White sugar, which can come in the form of granulated sugar (caster sugar) is a staple in every home. We use it in our coffee, tea, other types of drinks, and even dishes. If you’re into baking, then you surely need sugar (granulated or powdered sugar) in making your pastries and baked goodies, too.
To use white sugar as an ingredient, it should be in granules or powdery form, right? If not, you really can’t use it properly. So, should you find that your white sugar is hard and compact, you should do something (right away) to bring it back to its original form.
Fortunately, there are many different ways on how to un clump white sugar – and I will show you 10 methods on how to soften white sugar right in this article. No, don’t throw your hardened white sugar away (at least, not yet) – not until you finish reading this post.
Why Sugar Gets Hard
While this post is dedicated to teaching you how to soften white sugar that has hardened up, preventing it from happening can still be our best solution. First, let’s try to understand the reason why sugar hardens up and how to keep it soft.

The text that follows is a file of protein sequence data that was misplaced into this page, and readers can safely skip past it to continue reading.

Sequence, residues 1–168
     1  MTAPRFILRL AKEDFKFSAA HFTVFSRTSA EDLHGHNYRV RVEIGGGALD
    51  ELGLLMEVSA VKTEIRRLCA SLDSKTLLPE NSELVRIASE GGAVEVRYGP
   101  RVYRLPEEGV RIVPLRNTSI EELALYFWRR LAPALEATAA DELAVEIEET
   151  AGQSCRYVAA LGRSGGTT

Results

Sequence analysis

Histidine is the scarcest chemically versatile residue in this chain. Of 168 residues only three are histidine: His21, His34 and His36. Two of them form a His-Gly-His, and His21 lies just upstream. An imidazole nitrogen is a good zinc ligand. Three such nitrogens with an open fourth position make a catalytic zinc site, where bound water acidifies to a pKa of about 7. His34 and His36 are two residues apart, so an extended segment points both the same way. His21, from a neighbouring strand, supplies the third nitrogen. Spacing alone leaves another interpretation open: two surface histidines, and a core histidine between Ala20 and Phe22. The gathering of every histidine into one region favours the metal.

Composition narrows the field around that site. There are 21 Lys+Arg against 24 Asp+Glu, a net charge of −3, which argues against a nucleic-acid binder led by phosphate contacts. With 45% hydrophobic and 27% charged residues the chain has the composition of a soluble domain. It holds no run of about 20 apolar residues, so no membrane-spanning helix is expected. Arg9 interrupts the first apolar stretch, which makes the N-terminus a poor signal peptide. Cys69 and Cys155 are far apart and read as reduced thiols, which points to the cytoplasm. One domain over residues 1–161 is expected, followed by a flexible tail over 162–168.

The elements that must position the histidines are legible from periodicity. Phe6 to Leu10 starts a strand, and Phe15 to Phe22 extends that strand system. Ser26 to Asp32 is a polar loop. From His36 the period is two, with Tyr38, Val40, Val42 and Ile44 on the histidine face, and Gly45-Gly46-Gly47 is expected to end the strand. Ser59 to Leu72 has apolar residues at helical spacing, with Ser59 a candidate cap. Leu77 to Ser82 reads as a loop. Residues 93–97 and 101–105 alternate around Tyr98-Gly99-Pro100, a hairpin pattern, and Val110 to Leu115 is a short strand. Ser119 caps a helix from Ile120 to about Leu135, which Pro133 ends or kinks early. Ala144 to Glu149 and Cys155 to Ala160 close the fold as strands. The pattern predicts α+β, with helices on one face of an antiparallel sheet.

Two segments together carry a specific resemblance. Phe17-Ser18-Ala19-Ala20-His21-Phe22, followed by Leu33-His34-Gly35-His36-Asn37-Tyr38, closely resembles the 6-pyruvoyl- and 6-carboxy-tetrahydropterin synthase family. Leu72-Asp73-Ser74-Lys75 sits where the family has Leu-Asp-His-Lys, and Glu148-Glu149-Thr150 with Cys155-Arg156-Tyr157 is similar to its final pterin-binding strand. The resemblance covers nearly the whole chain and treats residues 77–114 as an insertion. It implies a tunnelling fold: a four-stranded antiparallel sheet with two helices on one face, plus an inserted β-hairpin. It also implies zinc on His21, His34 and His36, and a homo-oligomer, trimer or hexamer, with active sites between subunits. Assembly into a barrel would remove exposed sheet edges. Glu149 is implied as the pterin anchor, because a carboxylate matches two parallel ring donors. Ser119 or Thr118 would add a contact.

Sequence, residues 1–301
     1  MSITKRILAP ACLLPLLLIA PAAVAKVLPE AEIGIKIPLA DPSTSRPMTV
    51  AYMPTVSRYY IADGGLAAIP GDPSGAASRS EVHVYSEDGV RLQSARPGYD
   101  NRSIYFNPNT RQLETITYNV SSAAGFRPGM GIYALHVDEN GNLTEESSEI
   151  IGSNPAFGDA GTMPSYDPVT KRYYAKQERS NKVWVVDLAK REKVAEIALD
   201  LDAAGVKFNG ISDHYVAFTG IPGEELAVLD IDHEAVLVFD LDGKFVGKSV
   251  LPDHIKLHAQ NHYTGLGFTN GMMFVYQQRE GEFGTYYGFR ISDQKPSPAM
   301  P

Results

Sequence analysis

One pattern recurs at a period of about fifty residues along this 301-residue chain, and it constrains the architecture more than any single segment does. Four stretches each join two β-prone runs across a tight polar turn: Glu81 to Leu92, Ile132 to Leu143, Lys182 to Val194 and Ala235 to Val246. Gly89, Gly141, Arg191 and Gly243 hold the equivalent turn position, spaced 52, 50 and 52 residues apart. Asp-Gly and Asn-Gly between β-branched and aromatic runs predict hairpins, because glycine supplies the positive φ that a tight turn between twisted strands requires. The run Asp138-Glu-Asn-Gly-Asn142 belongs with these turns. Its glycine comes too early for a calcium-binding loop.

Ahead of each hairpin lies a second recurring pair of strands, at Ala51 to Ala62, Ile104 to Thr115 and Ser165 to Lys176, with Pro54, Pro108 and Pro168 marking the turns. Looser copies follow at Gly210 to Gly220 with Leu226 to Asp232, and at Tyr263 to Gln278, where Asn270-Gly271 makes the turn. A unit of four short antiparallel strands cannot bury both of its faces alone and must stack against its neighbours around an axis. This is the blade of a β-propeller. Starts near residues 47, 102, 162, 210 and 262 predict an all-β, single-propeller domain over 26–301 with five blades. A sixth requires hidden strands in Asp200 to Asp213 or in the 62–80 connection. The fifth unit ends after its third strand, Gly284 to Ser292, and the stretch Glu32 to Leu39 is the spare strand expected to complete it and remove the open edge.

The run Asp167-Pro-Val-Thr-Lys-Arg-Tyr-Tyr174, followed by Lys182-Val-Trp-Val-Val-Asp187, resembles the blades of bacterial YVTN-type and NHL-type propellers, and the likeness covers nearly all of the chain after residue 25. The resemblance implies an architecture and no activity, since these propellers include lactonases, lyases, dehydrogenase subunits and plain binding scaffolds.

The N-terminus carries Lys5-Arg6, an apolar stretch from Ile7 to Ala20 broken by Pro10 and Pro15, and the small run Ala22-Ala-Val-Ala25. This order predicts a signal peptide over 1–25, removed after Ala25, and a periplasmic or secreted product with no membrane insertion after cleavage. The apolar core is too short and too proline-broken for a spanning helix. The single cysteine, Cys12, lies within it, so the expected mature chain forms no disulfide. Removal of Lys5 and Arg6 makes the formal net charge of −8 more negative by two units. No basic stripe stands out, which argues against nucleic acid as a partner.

White sugar, in particular, is dry to the touch, right? To maintain its current state (in granules or powder form), it needs to be kept in an air-tight container to keep the moisture out
How To Store Sugar Via AlaskaGranny
You see, air contains moisture – and when sugar is exposed to air, it also absorbs the moisture content therein. This situation will then cause the sugar to harden up and become one piece of solid sugar.
10 Methods to Softening White Sugar
Method 1 – Manual Pounding
Sugar is not as hard as stone – therefore, you can pound on it to break it into pieces. You can use these tools for this task:
Meat tenderizer (the flat surface)
The goal is to pulverize the hardened sugar to bring it back to its original form.
Method 2 – Dropping on the Floor
It’s a common practice to drop ice on the floor if you want to break it up into pieces, right? Well, you can actually do the same to a pack of sugar that has hardened up. Just make sure that the container is sealed tight and that it won’t break apart when it hit the floor. Otherwise, it could get very VERY messy.
Method 3 – Using a Food Processor, Blender or Coffee Grinder